The Dungeon of Kursh Velgont

By Jonathan Hicks
Farsight Games
No Level Given. Shame on you!

You and your friends are about to embark on a dangerous yet rewarding adventure into the floating dungeons of Kursh Velgont, a powerful but long-dead wizard. The magical dungeons of the wizard have risen from the ground and toppled the abandoned castle that it used to be part of. Right now it is drifting through the air towards Chalisan, and the undead denizens of the dungeon are falling from the rapidly collapsing hunk of earth and corridors and terrorising decent folk! How has the dungeon risen? What power keeps it aloft, and what damage will it do to the lands? The PCs have been commissioned to get into the floating prison and find out why this is happening, and to try and find a way to stop it before it reaches the town of Chalisan and the evil dead are deposited upon it!

This sixteen page adventure, details a seventeen room dungeon that if floating through the sky, dropping undead and dirt and stuff from it as it floats towards a major town. It’s a conversion from Advanced Fighting Fantasy and shows it. A few neato lines of descriptions are scattered throughout, but that can’t stop the disco: long italics read-aloud, and bad design.

How shall I rail against thee? Let me count the ways … 

This is a conversion from AFF. It shows. This is where I now go on and on about the unique flavour in a game system and how most conversions don’t capture that. Let us take a game like Polaris: Chivalric Tragedy at Utmost North. (AKA: The Harry Clark game containing no Harry Clark.) Sad tragedy marked by failure and people saying “but though are but a warrior …” to fail you. Now, let’s take G1/Steading and stat convert it to Polaris. Is it a Polaris adventure? What if I don’t convert it AT ALL and just call G1 a Polaris adventure? What if G1 had no stats, could I call it a Polaris adventure? What if I took an adventure for a game like Polaris or Lacuna, something with esoteric targeted rules and just said “Yeah, It’s an OSR adventure now” … a game whose entire concept was based around player ingenuity, no forced combats, gold giving you XP. That’s what this is. The designer has little understanding of what makes a D&D adventure and has just stat converted the thing from AFF to S&W. The big loot at the end is 200gp in gems. That’s great, right? Let’s see, split five ways … better to stay home and ambush people in the alley and take THEIR stuff for xp. Being a hero don’t pay, at least in XP. And then there are other things, like falling damage. You can fall from the floating dungeon. You take a d6 damage, even though its very high up. Is that how falling damage works in S&W? I don’t think so. Or, maybe, “high up” means 10 feet from the ground?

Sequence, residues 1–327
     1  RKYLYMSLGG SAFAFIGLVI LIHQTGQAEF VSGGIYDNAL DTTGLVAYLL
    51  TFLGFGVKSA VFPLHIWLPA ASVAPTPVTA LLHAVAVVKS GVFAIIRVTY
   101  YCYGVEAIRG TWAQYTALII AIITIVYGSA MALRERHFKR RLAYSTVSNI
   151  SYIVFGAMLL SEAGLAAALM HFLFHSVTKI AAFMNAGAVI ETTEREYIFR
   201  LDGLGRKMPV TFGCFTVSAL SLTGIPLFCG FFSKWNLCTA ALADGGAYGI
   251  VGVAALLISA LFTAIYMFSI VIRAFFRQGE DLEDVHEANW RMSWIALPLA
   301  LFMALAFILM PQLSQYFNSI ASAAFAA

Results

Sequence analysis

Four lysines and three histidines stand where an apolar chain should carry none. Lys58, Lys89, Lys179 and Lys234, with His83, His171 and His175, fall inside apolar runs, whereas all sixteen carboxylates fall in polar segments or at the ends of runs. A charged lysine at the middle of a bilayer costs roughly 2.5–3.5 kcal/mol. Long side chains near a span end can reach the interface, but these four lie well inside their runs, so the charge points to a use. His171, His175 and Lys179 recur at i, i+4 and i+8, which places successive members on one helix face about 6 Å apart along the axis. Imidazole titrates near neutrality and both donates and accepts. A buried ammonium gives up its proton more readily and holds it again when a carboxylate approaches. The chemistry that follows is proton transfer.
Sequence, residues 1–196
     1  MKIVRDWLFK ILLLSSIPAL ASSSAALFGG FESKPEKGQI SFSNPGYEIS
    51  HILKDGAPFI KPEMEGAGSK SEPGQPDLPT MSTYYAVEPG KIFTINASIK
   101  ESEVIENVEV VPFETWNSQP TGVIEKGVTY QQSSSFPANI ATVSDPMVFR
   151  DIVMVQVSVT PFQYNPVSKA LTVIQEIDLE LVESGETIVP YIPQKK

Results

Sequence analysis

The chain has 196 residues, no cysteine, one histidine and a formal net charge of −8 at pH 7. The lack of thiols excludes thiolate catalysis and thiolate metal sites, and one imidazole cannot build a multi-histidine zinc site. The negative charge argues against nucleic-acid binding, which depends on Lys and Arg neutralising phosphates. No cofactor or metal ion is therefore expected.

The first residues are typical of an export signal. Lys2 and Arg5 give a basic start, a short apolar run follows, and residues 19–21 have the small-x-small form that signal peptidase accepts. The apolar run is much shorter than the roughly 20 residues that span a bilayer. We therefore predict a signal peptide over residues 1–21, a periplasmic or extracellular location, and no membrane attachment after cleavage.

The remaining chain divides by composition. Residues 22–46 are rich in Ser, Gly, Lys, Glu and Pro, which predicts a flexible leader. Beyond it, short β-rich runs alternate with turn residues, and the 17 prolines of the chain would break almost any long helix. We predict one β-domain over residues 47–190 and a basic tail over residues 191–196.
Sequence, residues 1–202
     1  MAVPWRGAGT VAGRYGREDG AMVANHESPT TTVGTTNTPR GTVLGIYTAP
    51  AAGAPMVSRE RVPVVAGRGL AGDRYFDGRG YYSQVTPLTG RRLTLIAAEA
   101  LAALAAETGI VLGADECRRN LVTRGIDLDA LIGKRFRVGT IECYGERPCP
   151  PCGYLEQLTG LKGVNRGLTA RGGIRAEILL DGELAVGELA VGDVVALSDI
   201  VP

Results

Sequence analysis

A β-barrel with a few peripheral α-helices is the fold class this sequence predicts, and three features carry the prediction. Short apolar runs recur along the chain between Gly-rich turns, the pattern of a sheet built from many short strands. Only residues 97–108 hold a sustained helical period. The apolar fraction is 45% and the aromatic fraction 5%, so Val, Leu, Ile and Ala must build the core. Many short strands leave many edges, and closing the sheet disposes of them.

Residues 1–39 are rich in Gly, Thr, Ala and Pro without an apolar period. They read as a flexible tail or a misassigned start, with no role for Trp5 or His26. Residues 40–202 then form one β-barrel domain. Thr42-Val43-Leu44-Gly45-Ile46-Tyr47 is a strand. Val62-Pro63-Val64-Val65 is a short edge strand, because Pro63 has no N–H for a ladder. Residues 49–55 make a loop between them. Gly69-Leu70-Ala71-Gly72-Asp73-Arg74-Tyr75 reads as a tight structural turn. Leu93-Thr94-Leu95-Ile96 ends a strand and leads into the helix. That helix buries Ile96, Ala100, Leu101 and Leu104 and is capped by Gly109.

Nevermind the abstracted treasure in the form of “200gp in gems”. Nevermind that we’re not told how fucking far offt he ground the dungeon floats. A super basic quality. Something everyone wants to ask, I’m sure, as they approach it. “How long are the ropes hanging down from it? How long must we endure undead attacks while we climb?” Or even “how fast is it travelling?” since that’s a main theme of the adventure. Nope, none of that. It’s all fucking abstracted. No brave little tailors here. Look, yeah, I can make it up. But that’s not the point. It’s a pattern. It’s a basic lack of understanding of what to include and not include in an adventure.